What we are planning to do now is to make sure that those groups, including labour, are consulted and that the courses we offer for apprenticeship programs will mean that youth afterwards can get a job.

Social Security System February 3rd, 1994

I am surprised that perhaps the hon. member has not read the red book. I thought everybody had read the red book by now. All the way through that red book it explains that we were going to keep the social net; that there would be nobody falling through it; that we would make sure all the protection that has been there in the past will be there in the future, but that there will be changes. There would be consultation. We would bring Canadians in to allow them to express what they felt about the programs and the state that they are in.

I agree with you that the response by the former Prime Minister-and we can appreciate why she is not the Prime Minister now-felt that there was not enough time during the campaign to talk about what she had to say about the social programs. Probably that was more because she did not have anything to say about the social programs rather than because there was not enough time.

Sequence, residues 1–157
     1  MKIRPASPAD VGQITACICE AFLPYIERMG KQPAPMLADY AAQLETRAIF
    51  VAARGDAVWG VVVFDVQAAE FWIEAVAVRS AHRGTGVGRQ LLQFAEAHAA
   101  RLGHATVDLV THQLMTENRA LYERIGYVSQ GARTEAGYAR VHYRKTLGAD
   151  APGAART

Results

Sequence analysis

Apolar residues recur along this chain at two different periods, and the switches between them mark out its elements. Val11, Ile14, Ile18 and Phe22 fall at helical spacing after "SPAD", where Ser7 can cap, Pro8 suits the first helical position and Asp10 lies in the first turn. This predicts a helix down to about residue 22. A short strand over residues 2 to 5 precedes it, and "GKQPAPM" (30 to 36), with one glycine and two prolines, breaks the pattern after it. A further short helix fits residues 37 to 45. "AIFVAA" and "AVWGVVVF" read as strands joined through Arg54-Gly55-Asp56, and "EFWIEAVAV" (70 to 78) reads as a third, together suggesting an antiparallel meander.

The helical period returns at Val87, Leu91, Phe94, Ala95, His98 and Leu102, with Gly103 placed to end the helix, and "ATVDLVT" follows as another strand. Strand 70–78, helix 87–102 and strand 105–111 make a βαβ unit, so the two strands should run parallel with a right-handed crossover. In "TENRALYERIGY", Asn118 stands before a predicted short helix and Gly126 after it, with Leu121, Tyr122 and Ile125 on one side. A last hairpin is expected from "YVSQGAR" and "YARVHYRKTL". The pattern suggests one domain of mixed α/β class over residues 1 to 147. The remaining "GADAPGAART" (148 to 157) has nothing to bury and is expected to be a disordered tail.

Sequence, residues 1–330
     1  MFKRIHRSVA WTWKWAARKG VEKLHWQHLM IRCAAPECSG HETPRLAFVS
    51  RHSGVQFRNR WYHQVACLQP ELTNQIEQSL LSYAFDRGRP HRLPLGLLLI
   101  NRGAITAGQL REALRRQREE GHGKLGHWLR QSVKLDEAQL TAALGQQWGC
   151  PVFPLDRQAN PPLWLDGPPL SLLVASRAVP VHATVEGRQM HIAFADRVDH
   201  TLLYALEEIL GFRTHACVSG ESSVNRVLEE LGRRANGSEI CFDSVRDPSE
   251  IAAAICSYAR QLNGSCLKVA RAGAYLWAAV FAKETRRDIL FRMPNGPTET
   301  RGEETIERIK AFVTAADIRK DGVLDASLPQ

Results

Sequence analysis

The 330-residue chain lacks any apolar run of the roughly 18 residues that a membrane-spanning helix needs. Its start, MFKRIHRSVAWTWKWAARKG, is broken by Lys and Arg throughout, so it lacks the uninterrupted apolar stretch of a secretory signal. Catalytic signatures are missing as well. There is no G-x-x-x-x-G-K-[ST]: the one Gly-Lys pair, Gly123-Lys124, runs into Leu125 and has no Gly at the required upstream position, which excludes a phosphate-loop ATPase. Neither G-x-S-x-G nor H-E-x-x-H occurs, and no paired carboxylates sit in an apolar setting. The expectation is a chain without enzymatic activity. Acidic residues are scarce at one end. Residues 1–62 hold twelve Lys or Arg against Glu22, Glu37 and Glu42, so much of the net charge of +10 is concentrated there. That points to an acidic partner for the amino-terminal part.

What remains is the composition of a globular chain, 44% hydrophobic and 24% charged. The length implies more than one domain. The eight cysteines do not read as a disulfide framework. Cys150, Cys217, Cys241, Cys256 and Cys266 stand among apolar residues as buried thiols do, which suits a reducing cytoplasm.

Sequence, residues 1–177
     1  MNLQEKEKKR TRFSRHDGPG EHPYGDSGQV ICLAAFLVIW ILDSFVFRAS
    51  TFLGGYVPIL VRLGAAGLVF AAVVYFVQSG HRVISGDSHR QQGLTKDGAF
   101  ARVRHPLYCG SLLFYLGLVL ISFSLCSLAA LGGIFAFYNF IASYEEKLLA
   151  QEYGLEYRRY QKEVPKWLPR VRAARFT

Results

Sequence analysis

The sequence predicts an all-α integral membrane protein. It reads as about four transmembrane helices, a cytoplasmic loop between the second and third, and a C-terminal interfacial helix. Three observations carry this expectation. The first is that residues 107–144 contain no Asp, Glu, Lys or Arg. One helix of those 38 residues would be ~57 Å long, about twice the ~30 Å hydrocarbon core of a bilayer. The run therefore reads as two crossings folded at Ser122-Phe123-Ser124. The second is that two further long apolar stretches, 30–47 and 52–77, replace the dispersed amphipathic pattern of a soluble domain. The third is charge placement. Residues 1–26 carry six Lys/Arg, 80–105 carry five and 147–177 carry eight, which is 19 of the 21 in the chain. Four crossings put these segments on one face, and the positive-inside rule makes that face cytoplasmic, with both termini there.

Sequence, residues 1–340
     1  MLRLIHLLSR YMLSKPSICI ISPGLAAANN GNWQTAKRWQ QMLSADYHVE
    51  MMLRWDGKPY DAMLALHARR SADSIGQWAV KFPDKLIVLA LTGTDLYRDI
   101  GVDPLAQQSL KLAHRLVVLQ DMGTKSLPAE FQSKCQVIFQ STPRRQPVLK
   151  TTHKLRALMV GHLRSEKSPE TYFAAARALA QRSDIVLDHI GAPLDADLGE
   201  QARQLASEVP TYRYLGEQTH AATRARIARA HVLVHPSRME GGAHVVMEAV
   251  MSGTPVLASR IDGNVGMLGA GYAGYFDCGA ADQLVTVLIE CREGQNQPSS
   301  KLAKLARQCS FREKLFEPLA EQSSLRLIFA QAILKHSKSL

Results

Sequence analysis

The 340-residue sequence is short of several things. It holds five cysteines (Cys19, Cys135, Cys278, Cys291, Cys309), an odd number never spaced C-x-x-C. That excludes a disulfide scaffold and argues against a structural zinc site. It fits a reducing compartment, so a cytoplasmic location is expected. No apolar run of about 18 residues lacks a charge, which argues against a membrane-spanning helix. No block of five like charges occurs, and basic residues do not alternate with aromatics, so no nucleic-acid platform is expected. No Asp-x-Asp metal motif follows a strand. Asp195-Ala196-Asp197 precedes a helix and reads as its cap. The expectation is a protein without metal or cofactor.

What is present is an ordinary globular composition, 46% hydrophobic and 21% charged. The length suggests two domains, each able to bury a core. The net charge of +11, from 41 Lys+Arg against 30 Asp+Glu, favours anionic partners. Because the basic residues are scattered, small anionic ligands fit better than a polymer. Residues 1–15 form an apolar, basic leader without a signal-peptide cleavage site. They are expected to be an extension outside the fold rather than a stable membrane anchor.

Social Security System February 3rd, 1994

Mr. Speaker, Canadians are proud of the social programs we have built together. We are proud of our sense of fairness and justice. We care when people are unemployed. We care when people are poor. Together we have built social programs which are the envy of the world, from medicare to the old age pension.

We Canadians are also proud of our common sense. Today common sense tells us that we must rebuild and improve our social programs to meet the new needs and challenges of the 1990s.

We need to reform and strengthen our social system so that we can provide all Canadians with a fair chance to seize the opportunities of the 21st century.

The Liberal Party was the architect of major social reforms in this country. With the assistance and the proposals of all Canadians, the new Liberal government intends to pursue its social work.

We cannot allow nor do we want to allow past successes to prevent us from seeing the need for change. Our goal is to change our income support programs without threatening our values of fairness and compassion.

In the past we have created programs which have substantially reduced poverty among senior citizens. Now we must forge creative programs to reduce the poverty among children. There is really something wrong when in a country as wealthy as Canada over one million Canadian children use food banks every year.